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Uruguayan School Textbook Shows Smurfs as Model for Communism

By: Priscila Guinovart - @PrisUY - Feb 16, 2017, 9:03 am
Pitufos 2
Communist Smurfs: this is happening in Uruguay today. We aren’t talking about crazy old texts. (Youtube)

EspañolA sixth grade textbook shows the author’s sad comparison between Communism and the Smurfs. And while it’s just one page out of a middle schooler’s career, the implications are massive.

The text reads as follows:

“Perhaps the following example will help you to understand the idea of a communist society. Do you know the Smurfs? They are a community that lives in a village. They all have access to housing. No one goes hungry. The water well is for collective use, it is not for anyone specifically bur rather belongs to everyone. Everyone has obligations to the community. For example, one Smurf will cook, one Smurf is a carpenter and fixes what breaks, and so each of the community contributes with their work and receives from the work of others. Communism could be a situation similar to that. ”

This is happening in Uruguay today. We aren’t talking about crazy old texts. This is the Uruguay of the 21st century, the Uruguay of the “moderate left” that so many praise.

It is clearer, however, that the left has never learned the meaning of the term “moderation” and that in fact “left” (whether in its communist or socialist forms) and “moderation” contradict and nullify each other.

As if it were a kind of attenuation, and cornered by the resulting controversy, Counselor of Initial and Primary Education Hector Florit said the text is used only in private schools, adding that “texts used by private institutions are not subject to censorship or control.” He admitted, however, that the comparison is “unfortunate.”

I have trouble believing Mr. Florit. It is almost impossible for me to think that private schools have so much freedom, particularly since I have worked in private institutions a good part of my teaching career and I know that these schools must comply, perhaps more than their public peers, with regulations.

 

But even if Florit is being honest, we should not be any less alarmed. This is still a very clear example of brainwashing.

Perhaps the scariest defense of the text came from Director of the publishing house Adriana Fernandez, who referred to the book as “excellent” and “super-objective.”

Fuente: Autor
Fuente: Autor

This is not the first time in Uruguay that we have faced such ideology.

We saw a similar episode from the publisher Santillana in 2015. Its text, which was geared toward high school students, affirmed that “neoliberalism” is a “school of economic thought” for which “neither priorities nor justice nor freedom nor equality” are priorities.

“The neoliberals or neoconservatives took up the idea that the state should not intervene in the economy, that the ‘great regulating agent’ is the market, ‘the invisible hand’ and ‘private initiative.'” But the names behind this series of huge lies are Leonor Berna, Pablo Lignone and Silvana Pera!

The book also says that neoliberalism “was applied in Uruguay, first by the military dictatorship (1973-1985) and then by the first governments that succeeded it, directed by the Colorado and National parties, whose status as democratic is in question. ”

In other words, it dismisses the validity of fully democratic governments. I wonder what the authors’ reasons are for extending their “judgment.” Were they not leftist governments?

The Frente Amplio and his serfs are convinced they invented the country. Nothing exists outside the Frente Amplio, not even democracy itself. The Frente Amplio does not respect democracy.

It rips apart secularism as much as the Soviet Union did, and washes as many brains as Castro. Let’s be clear: it is not possible, nor is it ethical to minimize the seriousness of this episode.

We must not believe that the Frente Amplio is against the ideas that soak the pages of these books. One need only read President Vázquez’s statements from Germany last week: “In Venezuela there is democracy.”

Uruguayans, keep believing you are the moderate, and that you are the exception. Just look away and believe nothing bad comes of our government that has become an accomplice to hunger and torture.

Neither book mentions the millions of lives that communism has taken and is still carrying with it. None of the books makes the slightest reference to the fate of the opposition during communism.

None of them imply that Communism is more than just a comic. And oh how I wish it were only that.

Priscila Guinovart Priscila Guinovart

Priscila Guinovart is an Uruguayan teacher and writer. She has written for outlets in Latin America, the U.S., and Europe. While in London, she wrote her book La cabeza de Dios. Follow her: @PrisUY.

Ecuadorean Opposition Looks Ahead to Second Round to Build Coalition

By: David Unsworth - Feb 15, 2017, 10:38 pm
The Ecuadorean opposition is loudly protesting delays in reporting the final vote count in Ecuador's presidential election (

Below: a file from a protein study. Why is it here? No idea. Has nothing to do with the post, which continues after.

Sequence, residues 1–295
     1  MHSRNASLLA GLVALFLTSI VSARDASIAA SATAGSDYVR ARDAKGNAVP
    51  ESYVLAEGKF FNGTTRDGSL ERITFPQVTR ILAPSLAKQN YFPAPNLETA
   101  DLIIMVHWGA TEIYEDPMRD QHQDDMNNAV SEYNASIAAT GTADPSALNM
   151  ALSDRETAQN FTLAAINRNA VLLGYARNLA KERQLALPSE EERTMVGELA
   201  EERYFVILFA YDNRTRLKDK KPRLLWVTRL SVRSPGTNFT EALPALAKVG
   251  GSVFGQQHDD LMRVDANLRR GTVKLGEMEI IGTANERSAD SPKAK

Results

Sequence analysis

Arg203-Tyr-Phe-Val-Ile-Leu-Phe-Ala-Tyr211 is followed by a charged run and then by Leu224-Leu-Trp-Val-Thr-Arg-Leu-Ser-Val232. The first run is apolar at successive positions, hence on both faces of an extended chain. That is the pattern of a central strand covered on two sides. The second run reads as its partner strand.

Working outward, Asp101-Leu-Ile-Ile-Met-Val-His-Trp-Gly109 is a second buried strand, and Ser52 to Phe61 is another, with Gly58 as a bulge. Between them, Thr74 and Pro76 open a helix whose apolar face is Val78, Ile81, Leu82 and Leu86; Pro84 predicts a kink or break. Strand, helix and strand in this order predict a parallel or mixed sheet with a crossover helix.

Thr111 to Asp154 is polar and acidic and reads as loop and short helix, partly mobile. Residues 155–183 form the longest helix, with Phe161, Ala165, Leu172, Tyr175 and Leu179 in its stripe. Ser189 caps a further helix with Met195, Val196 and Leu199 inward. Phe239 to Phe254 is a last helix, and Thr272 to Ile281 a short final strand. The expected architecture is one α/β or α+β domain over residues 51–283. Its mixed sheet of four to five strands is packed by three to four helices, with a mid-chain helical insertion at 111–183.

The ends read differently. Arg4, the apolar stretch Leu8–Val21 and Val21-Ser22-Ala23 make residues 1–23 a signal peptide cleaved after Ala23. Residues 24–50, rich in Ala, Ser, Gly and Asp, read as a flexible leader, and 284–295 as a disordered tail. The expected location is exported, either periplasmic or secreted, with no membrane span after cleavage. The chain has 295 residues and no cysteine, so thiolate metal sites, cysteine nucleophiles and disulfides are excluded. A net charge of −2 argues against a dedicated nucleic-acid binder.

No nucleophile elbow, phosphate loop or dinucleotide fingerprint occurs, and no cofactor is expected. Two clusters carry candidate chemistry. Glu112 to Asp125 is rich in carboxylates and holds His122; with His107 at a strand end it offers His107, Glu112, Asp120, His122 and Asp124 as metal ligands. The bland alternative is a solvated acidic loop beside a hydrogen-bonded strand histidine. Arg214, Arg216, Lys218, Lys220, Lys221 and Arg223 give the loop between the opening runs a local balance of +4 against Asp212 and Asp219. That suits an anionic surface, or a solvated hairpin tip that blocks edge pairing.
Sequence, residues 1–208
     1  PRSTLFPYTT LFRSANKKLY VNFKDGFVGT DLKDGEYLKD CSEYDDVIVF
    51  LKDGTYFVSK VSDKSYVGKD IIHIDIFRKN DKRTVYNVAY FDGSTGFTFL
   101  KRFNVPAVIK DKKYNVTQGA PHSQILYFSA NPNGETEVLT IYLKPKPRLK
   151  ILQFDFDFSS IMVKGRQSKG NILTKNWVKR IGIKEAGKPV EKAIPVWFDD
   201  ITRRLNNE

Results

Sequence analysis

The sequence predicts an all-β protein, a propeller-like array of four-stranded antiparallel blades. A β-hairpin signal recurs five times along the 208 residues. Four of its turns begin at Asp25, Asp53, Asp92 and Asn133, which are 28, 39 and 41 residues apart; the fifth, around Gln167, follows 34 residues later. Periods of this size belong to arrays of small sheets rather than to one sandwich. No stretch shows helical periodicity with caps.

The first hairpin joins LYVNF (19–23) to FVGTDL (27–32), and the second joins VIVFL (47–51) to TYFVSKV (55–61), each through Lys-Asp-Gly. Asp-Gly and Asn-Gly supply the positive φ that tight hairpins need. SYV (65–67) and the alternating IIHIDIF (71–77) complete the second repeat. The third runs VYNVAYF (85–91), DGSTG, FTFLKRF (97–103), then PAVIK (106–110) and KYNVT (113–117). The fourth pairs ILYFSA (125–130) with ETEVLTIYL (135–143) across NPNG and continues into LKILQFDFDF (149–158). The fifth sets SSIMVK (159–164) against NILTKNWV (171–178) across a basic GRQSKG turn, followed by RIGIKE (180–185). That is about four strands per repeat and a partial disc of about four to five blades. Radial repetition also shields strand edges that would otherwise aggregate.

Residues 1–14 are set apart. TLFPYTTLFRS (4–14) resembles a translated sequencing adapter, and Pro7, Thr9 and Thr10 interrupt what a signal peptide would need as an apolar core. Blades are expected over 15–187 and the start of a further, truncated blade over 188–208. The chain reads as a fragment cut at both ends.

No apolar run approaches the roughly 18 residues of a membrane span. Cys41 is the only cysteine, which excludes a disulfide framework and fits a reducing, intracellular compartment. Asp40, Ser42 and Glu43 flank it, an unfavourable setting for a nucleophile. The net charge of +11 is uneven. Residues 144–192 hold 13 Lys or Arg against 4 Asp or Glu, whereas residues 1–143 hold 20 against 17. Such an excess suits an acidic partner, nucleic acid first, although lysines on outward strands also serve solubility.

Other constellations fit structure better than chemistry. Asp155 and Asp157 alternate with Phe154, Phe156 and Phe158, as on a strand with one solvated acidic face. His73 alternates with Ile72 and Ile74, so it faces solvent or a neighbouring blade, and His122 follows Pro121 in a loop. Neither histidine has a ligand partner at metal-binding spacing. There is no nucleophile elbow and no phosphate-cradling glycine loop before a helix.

Rafael Correa has so dominated political life in Ecuador for 10 years that the election in many ways appears to be a referendum on his legacy. While the opposition criticizes Correa for dramatically expanding the size of the state at the expense of the private sector, excessive hiring of public servants, cracking down on freedom of the press, and ruling with an authoritarian style, supporters praise him for investing in education, healthcare, infrastructure, and transportation. Read More: Ecuadoreans Ready for Change as Opposition Gains Momentum Read More: Ecuador Vice President Denies Corruption in Oil Sales to China However, every one seems to agree that Correa's famed confrontational style worked to his detriment. The word often repeated here in reference to his administration is "prepotente": indeed Lenin Moreno, Correa's hand-picked successor herein faces his greatest electoral challenge: seeking to disassociate himself from the imperial nature and penchant for conflict of his mentor and predecessor. Former Vice President Moreno served from 2007 to 2013 under Rafael Correa. Coming from humble origins in the Ecuadorean Amazon, Moreno enjoyed a distinguished career in both the public and private sector. In 1998, while serving as head of the Pichincha Chamber of Tourism (Ecuador's second largest province where the capital Quito is located), he was the victim of a tragic crime, when he was shot in the back during a carjacking in a Quito parking lot. The accident left him a paraplegic. Following a lengthy and arduous convalescence, Moreno went on to become a motivational speaker and public figure, ultimately prompting Correa to include him on his ticket. Moreno was indeed a shrewd choice on the part of Correa and the Alianza Pais party: he is reasonably well-liked, he is reasonably well-respected, and, most importantly, he does not engender the type of visceral reaction that made Correa such a polarizing figure. However, to the sizeable Ecuadorean opposition, Moreno is little more than a figurehead at best, or a puppet at worst. They charge that current Vice President Jorge Glas, who has been implicated in the Petroecuador scandal, will be the one truly running the show, and suggest that Moreno has been served up on a silver platter to the Ecuadorean people precisely as the inoffensive, palatable new face of Correa's "Citizens' Revolution." Lenin Moreno has good reason to be concerned. Averages of the most recent polls show Cynthia Viteri of the Partido Social Cristiano and Guillermo Lasso of the Movimiento CREO are winning a higher vote total than the Moreno/Glas ticket of the Alianza Pais. It is certain that the vast, vast majority of Lasso and Viteri supporters will vote against Moreno in the second round. Thus the election may largely fall in the hands of supporters of former Quito mayor Paco Moncayo, who is running on the Izquierda Democratica or "Democratic Left" ticket. googletag.cmd.push(function() { googletag.display('div-gpt-ad-1459522593195-0'); }); He recently made headlines recently by vehemently denying that he was going to support Lenin Moreno, and attributed the false story to the Guillermo Lasso campaign. Moncayo is an Ecuadorean military hero who led a brief and successful war with Peru, known as the Cenepa War, over disputed territory. He subsequently served as Quito mayor from 2000 to 2009, followed by one term as assemblyman representing Pichincha. Paco Moncayo's strong denunciation of Moreno and the Alianza Pais movement does not bode well for Moreno, should Sunday's results necessitate a second round election. The vast majority of analysts and commentators believe that Moreno, facing the Petroecuador/Odebrecht headwinds, will not reach the necessary 40% threshold. Under Ecuadorean election law, a candidate can only win in the first round with 50%, or with 40% plus a 10% margin of victory over his nearest opponent. This has only been accomplished once, by Rafael Correa in the 2013 elections. If, as expected, Banco de Guayaquil president Guillermo Lasso and former Vice President Lenin Moreno face off in a second round election on April 2, the election will undoubtedly be in the hands of Paco Moncayo and Cynthia Viteri. But the election is likely to be so close, that even minor candidates, such as Abdala Bucaram and Ivan Espinel, could play pivotal roles. A nail-biter of a presidential election would be nothing new for the Andean region. Juan Manuel Santos narrowly defeated Oscar Ivan Zuluaga in Colombia's 2014 presidential elections. Nicolas Maduro beat Henrique Capriles Radonski by just 1.5% in 2013. And most recently, Peru saw its closest presidential election in history, with PPK defeating Keiko Fujimori by just 40,000 votes, or just under a quarter of one percent. The great challenge for the Ecuadorean opposition will be uniting around a single candidate. That candidate is most likely to be Guillermo Lasso, although Cynthia Viteri could have a surprisingly strong showing on Sunday as well. Heading into a second round, the opposition must also conduct their political business with integrity and transparency. Yes, politics is a game of horsetrading by nature. But the opposition can not become so blinded by their desire for power that they engage in the same kind of tactics and practices that they have so long criticized in the current administration. In order to win, the leaders of Ecuador's major opposition parties must begin to strategize now regarding the most honest and transparent fashion for putting together a coalition capable of winning 51% in a second round against a well-oiled and well-funded ruling regime that has considerable resources at its disposable. They must eschew corrupt bargains in favor of pragmatic discussion. And we must not forget that Lenin Moreno and Alianza Pais, who will still enjoy a large majority in Ecuador's National Assembly, will also be on the lookout for opportunities to appeal to smaller parties as well. One thing is for certain: Like its southern neighbor Peru, Ecuador is likely in for a photo finish. Source: Elecciones en Ecuador